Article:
Hotels

TAA weighs in on Tasmania’s landmark Airbnb reforms

Tourism Accommodation Australia (TAA) has given its stamp of approval to Tasmania’s new legislation reforms to tackle short-stay accommodation.

The Short Stay Accommodation Act 2019 (SAA), which came into effect on 4 June, puts the power back into the hands of local councils by establishing a data-sharing model with the booking platforms, empowering councils to enforce existing planning requirements for short stay accommodation.

See also: Industry heavyweight urges stronger regulations for commercial Airbnb operators 

The data sharing is also set to allow for a better understanding of the impacts on the broader housing market.

“Tasmania has first-hand experience of how unregulated short-stay accommodation negatively impacts housing affordability, community amenity and undermines the licensed accommodation sector, so their reforms have been crafted with this experience in mind,” TAA national CEO Michael Johnson said.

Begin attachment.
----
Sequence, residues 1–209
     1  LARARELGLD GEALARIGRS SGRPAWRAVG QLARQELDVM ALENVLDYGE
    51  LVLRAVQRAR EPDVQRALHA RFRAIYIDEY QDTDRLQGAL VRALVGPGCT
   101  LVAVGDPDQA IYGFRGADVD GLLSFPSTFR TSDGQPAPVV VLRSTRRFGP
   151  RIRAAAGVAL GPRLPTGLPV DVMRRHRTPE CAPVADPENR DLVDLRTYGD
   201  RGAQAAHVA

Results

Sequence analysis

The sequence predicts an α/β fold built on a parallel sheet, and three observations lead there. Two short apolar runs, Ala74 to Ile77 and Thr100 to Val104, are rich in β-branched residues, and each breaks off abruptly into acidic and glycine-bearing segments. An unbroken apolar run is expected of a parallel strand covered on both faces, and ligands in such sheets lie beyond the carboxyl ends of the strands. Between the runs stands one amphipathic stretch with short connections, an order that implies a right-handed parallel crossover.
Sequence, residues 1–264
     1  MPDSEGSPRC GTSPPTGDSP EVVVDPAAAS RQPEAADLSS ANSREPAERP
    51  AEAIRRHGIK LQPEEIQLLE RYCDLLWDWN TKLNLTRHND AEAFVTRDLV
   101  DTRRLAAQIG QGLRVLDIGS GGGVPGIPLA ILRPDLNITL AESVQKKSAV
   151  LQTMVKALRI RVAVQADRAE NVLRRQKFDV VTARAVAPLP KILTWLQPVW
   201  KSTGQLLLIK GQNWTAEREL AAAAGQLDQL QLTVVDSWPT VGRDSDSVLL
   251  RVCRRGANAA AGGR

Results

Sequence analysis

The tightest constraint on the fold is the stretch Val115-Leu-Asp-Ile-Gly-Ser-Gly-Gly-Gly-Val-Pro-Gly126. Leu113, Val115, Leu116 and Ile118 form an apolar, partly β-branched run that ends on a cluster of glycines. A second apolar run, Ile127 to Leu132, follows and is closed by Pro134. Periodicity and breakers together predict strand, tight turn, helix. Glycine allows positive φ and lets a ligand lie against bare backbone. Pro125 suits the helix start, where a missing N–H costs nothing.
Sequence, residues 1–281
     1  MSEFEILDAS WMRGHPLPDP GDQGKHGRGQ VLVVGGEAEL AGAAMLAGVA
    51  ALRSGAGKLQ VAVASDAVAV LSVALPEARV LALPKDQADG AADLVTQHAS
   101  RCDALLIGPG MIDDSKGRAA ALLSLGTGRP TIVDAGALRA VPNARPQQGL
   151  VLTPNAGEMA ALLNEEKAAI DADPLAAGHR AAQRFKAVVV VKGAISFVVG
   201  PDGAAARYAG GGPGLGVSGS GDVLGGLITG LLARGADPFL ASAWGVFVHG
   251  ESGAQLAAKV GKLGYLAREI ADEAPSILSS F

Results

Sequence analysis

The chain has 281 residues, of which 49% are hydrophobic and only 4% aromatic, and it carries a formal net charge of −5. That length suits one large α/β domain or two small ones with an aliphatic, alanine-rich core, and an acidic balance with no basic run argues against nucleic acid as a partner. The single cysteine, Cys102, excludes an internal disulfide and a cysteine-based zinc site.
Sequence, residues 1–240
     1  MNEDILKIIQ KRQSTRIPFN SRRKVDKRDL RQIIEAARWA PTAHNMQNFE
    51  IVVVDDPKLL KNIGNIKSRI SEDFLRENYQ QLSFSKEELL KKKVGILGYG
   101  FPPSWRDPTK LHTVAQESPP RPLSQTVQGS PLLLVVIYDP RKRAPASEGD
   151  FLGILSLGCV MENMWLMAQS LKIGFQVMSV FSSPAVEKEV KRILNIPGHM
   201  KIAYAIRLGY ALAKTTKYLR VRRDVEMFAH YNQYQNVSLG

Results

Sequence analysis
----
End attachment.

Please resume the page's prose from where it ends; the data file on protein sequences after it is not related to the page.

“The new Tasmanian legislation is arguably the strongest reform we have seen in Australia to date.”

According to Johnson, the legislation will implement a mandatory registration system which requires planning approval and for Airbnb to only market and sell permitted, registered and approved short-stay accommodation.

“In recent years, jurisdictions around the world have moved to strengthen regulations for short-stay accommodation providers and platforms such as Airbnb – finally we are seeing effective measures being adopted here in Australia,” he said.

“This result shows the strength of the TAA family right across Australia – it shows what we can achieve. The State Government has realised hotels, motels and other licensed accommodation businesses in Tasmania support thousands of jobs, however, the proliferation of unregulated short-stay accommodation properties has put these employment opportunities at risk.

“The State Government has listened to our concerns and gone back to the drawing board to strengthen the compliance measures in relation to data sharing, planning permits and reporting requirements – we will be watching closely to see if platforms adhere to their legal requirements.”

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